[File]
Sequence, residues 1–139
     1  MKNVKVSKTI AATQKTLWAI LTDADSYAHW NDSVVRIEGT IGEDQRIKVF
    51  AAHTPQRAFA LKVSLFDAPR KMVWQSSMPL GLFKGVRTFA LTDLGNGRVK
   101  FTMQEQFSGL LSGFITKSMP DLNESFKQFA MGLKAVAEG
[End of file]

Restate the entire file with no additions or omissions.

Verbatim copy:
Sequence, residues 1–139
     1  MKNVKVSKTI AATQKTLWAI LTDADSYAHW NDSVVRIEGT IGEDQRIKVF
    51  AAHTPQRAFA LKVSLFDAPR KMVWQSSMPL GLFKGVRTFA LTDLGNGRVK
   101  FTMQEQFSGL LSGFITKSMP DLNESFKQFA MGLKAVAEG